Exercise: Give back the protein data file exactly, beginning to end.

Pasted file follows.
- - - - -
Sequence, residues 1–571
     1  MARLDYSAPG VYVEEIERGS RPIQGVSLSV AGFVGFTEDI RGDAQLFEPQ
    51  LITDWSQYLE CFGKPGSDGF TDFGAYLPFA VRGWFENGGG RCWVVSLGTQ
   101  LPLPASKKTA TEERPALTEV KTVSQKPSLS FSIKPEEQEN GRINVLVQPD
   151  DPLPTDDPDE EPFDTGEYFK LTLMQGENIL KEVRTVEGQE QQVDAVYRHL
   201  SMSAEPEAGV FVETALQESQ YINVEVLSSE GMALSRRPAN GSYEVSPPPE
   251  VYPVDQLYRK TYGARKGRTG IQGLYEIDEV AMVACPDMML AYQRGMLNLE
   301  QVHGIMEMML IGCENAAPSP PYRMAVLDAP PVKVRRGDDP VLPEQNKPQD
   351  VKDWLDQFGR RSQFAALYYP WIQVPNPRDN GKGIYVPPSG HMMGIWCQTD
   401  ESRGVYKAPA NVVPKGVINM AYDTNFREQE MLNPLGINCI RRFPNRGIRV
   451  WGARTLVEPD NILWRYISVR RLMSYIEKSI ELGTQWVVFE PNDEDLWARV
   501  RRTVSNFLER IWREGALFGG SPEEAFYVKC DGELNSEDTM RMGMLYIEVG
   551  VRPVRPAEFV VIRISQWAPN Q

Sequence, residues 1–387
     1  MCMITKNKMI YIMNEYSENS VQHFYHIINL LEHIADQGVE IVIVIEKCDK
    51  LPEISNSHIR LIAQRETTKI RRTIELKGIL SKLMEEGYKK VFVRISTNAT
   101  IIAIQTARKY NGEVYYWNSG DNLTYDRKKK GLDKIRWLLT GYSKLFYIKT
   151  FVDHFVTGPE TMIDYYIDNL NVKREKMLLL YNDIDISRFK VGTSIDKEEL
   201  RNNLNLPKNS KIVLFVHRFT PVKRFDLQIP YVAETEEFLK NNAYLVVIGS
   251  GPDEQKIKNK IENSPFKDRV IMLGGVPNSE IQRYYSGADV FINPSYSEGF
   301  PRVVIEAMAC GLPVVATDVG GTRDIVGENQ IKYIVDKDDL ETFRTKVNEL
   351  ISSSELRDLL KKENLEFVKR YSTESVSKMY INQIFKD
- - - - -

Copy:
Sequence, residues 1–571
     1  MARLDYSAPG VYVEEIERGS RPIQGVSLSV AGFVGFTEDI RGDAQLFEPQ
    51  LITDWSQYLE CFGKPGSDGF TDFGAYLPFA VRGWFENGGG RCWVVSLGTQ
   101  LPLPASKKTA TEERPALTEV KTVSQKPSLS FSIKPEEQEN GRINVLVQPD
   151  DPLPTDDPDE EPFDTGEYFK LTLMQGENIL KEVRTVEGQE QQVDAVYRHL
   201  SMSAEPEAGV FVETALQESQ YINVEVLSSE GMALSRRPAN GSYEVSPPPE
   251  VYPVDQLYRK TYGARKGRTG IQGLYEIDEV AMVACPDMML AYQRGMLNLE
   301  QVHGIMEMML IGCENAAPSP PYRMAVLDAP PVKVRRGDDP VLPEQNKPQD
   351  VKDWLDQFGR RSQFAALYYP WIQVPNPRDN GKGIYVPPSG HMMGIWCQTD
   401  ESRGVYKAPA NVVPKGVINM AYDTNFREQE MLNPLGINCI RRFPNRGIRV
   451  WGARTLVEPD NILWRYISVR RLMSYIEKSI ELGTQWVVFE PNDEDLWARV
   501  RRTVSNFLER IWREGALFGG SPEEAFYVKC DGELNSEDTM RMGMLYIEVG
   551  VRPVRPAEFV VIRISQWAPN Q

Sequence, residues 1–387
     1  MCMITKNKMI YIMNEYSENS VQHFYHIINL LEHIADQGVE IVIVIEKCDK
    51  LPEISNSHIR LIAQRETTKI RRTIELKGIL SKLMEEGYKK VFVRISTNAT
   101  IIAIQTARKY NGEVYYWNSG DNLTYDRKKK GLDKIRWLLT GYSKLFYIKT
   151  FVDHFVTGPE TMIDYYIDNL NVKREKMLLL YNDIDISRFK VGTSIDKEEL
   201  RNNLNLPKNS KIVLFVHRFT PVKRFDLQIP YVAETEEFLK NNAYLVVIGS
   251  GPDEQKIKNK IENSPFKDRV IMLGGVPNSE IQRYYSGADV FINPSYSEGF
   301  PRVVIEAMAC GLPVVATDVG GTRDIVGENQ IKYIVDKDDL ETFRTKVNEL
   351  ISSSELRDLL KKENLEFVKR YSTESVSKMY INQIFKD